What you get for this is extremely good. All are well made and feature an ergonomic and stylish look and feel. The set-up as a whole is the easiest VR kit that we have tried to jump into and use straight away. The move controllers lack a movement stick which does impact their functionality but also makes them more natural in your hands, focusing more on gestures than button pushes which is ideal when your eyes are encased in a helmet and you can’t see the buttons anyway.
How easy is it to set up PSVR?
The set-up is easy and straightforward. Just plug the wires into the holes they fit in. PlayStation has also numbered them to help. We do need to complain about just how many there are! For the full set-up, you will need six cables plugged into seven sockets. That’s right; splitters are involved. These have been significantly streamlined from the V1, but it is still a lot. We get that this is powerful stuff with a mass of data being sent here, there, and everywhere but we never realised how good we had it when controllers went wireless.
A small niggle which is annoying is that one of the cables involved is a USB running from the VR box to the PS4. For anyone pre-PS4 Pro this means you are losing 50% of your USB ports and you can forget about trying to charge both move controllers while everything is still plugged in. We recommend an external [amazon_textlink asin=’B01M9ILWT3′ text=’PS4 controller dock’ template=’ProductLink’ store=’finalboss0e-21′ marketplace=’UK’ link_id=’b6d05553-76fd-11e8-b37a-cf20ecbcd11f’] to keep everything neat and ready to play.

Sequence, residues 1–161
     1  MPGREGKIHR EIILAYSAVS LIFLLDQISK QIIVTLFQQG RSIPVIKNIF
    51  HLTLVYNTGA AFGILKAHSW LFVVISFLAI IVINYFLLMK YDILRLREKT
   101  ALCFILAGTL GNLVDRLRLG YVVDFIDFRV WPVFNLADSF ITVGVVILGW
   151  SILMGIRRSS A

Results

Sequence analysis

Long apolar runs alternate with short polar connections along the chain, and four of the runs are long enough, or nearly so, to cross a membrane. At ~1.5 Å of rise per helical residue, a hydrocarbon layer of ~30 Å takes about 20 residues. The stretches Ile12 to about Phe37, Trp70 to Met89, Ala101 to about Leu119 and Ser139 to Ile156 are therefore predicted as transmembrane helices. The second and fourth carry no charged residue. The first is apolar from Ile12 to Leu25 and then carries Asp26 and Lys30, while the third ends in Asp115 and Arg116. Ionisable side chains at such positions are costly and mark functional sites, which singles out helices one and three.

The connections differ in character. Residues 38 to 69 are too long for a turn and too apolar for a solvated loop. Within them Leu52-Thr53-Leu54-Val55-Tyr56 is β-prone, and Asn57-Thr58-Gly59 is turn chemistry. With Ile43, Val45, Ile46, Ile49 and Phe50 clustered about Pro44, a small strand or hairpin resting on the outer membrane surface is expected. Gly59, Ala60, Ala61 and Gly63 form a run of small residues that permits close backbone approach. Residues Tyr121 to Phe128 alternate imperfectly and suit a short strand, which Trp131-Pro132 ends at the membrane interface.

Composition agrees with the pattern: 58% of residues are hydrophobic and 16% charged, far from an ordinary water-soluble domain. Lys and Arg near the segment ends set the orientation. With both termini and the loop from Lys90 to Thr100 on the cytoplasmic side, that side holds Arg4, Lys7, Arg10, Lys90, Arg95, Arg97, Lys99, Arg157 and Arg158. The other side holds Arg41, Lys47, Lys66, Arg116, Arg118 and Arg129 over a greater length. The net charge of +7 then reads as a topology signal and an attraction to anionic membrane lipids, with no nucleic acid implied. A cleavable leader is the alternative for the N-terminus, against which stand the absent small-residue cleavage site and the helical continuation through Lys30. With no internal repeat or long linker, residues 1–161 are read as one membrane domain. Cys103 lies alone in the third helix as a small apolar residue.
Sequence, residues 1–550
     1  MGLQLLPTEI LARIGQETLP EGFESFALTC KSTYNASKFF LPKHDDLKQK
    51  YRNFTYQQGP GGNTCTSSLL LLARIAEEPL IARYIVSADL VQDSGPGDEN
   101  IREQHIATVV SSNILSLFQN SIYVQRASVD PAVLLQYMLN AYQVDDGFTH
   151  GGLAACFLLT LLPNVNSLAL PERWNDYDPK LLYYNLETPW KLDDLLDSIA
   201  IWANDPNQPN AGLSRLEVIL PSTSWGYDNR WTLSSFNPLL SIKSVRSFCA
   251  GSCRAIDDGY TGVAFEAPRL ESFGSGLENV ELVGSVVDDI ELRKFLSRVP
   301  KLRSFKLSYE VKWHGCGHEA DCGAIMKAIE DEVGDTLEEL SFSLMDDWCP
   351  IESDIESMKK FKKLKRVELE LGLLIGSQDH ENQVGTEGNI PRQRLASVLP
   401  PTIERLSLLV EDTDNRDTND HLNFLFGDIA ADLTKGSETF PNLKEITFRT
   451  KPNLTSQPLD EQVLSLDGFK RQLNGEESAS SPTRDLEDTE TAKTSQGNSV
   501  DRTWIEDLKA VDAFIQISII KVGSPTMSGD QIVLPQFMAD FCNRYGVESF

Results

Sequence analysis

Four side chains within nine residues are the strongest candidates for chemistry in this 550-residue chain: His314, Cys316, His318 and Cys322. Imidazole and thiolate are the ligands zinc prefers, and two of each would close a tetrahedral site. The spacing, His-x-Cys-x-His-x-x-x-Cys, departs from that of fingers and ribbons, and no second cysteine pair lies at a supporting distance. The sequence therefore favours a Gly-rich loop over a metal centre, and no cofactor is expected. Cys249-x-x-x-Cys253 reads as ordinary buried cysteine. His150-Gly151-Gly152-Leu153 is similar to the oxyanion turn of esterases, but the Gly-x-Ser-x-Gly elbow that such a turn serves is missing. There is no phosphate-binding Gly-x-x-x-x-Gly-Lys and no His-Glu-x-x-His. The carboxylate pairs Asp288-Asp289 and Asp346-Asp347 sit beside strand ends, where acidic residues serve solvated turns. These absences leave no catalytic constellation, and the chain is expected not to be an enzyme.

Also included is a trailing wire going from the VR processing box with visuals and sound to the headset. As much as we’ve tried to avoid it, we’ve stood on this and almost pulled our heads off literally every time we’ve played PSVR. You can even see Adam do this very thing in our PlayStation VR Worlds London Heist Playthrough.
What is it like to play PSVR?
So now we’ve finally got it up and running, let’s play! Originally we were a bit sceptical about the novelty of Virtual Reality, but once in the headset, it’s a whole new way of playing. It works as a totally escapist experience all alone by yourself with headphones in. More than once, we’ve been playing for hours not realising that the sun has gone down. Taking off the headset to find ourselves in the middle of a pitch black room.